2. Maintaining your mental health: Once bitten, twice shy applies for heart attack victims too. Not only do they live in a constant worry about another attack, every small symptom like a harmless muscle pull can trigger the fear factor. You also get into the "heart patient" dependent mode based on how much help you need to recover. Check for support groups and other heart attack survivors in your locality to see how they are coping. Read more about your recovery and try to keep a positive frame of mind.
3. Go for cardiac rehab: Many hospitals have a rehabilitation program that you can participate in as an outpatient or you can go to a clinic that specializes in it. Such programs help speed up your recovery. It is run by people who will hand hold you in bringing positive changes in your life to protect and strengthen your heart. You'll learn activities that positively improve heart functions and reduce your chances of developing complications or dying from heart disease. You'll also benefit from exercises that'll be taught by a certified exercise specialist.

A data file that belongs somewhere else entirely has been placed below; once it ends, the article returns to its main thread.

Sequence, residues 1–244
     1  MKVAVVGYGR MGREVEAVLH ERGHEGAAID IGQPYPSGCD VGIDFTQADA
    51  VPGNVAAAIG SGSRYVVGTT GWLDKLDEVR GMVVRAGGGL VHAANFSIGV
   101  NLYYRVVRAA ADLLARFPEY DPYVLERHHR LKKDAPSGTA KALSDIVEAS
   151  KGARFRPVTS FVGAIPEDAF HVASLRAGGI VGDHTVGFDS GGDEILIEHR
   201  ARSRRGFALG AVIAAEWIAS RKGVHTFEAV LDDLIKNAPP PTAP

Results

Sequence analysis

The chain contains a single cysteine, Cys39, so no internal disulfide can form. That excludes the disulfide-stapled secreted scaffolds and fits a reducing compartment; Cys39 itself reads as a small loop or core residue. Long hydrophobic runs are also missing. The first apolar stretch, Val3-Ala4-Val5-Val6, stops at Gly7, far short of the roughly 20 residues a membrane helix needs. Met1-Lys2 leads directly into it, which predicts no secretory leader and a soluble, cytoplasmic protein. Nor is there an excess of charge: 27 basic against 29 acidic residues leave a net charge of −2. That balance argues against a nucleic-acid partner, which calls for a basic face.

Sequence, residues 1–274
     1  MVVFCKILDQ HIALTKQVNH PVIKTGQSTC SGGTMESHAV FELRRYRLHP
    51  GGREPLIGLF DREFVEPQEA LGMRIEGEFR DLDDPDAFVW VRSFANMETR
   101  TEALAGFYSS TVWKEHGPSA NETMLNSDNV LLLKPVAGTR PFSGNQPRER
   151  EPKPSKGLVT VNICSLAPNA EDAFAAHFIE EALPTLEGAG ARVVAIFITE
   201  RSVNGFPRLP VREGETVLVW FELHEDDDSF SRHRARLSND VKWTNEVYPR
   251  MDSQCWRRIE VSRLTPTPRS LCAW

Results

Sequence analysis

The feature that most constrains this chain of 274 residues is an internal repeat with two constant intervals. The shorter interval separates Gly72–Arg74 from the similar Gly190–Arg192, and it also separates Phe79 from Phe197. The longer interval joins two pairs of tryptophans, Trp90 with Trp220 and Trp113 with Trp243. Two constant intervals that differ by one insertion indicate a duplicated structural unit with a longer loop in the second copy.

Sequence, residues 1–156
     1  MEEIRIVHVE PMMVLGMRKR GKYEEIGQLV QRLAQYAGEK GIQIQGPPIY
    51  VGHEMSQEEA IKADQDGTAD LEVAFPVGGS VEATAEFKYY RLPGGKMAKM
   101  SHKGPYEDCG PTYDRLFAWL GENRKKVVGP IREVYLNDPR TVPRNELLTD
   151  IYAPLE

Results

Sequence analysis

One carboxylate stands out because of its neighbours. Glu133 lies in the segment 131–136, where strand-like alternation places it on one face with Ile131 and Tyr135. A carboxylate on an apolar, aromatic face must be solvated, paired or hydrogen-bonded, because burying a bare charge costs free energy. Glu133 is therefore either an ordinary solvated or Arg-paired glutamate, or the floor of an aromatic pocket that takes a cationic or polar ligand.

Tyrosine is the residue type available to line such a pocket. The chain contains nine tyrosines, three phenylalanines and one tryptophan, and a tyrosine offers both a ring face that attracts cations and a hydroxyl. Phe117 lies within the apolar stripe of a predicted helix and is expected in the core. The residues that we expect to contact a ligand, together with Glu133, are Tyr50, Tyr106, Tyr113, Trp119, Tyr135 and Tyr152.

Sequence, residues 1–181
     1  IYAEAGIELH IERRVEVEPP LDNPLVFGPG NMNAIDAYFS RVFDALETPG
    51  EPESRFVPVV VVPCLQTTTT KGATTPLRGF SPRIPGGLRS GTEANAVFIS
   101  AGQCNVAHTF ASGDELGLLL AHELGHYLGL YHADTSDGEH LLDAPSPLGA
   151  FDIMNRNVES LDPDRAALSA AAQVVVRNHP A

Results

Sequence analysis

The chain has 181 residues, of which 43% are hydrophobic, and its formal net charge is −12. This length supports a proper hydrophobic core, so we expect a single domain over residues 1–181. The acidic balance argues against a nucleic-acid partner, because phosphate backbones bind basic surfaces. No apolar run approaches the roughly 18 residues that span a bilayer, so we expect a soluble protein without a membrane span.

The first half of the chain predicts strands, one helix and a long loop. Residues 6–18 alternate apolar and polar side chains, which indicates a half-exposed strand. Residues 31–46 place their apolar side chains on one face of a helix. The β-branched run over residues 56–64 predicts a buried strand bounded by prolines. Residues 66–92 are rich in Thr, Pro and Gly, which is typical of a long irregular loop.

4. Making lifestyle changes: Quitting smoking is an obvious one. You'll now have to lead a more active lifestyle with daily exercise. You'll also need to actively manage your diabetes and obesity. None of these changes can happen in a day. In fact, behavioural scientists suggest that you need to practice a new activity continuously for twenty one days for it to become a habit.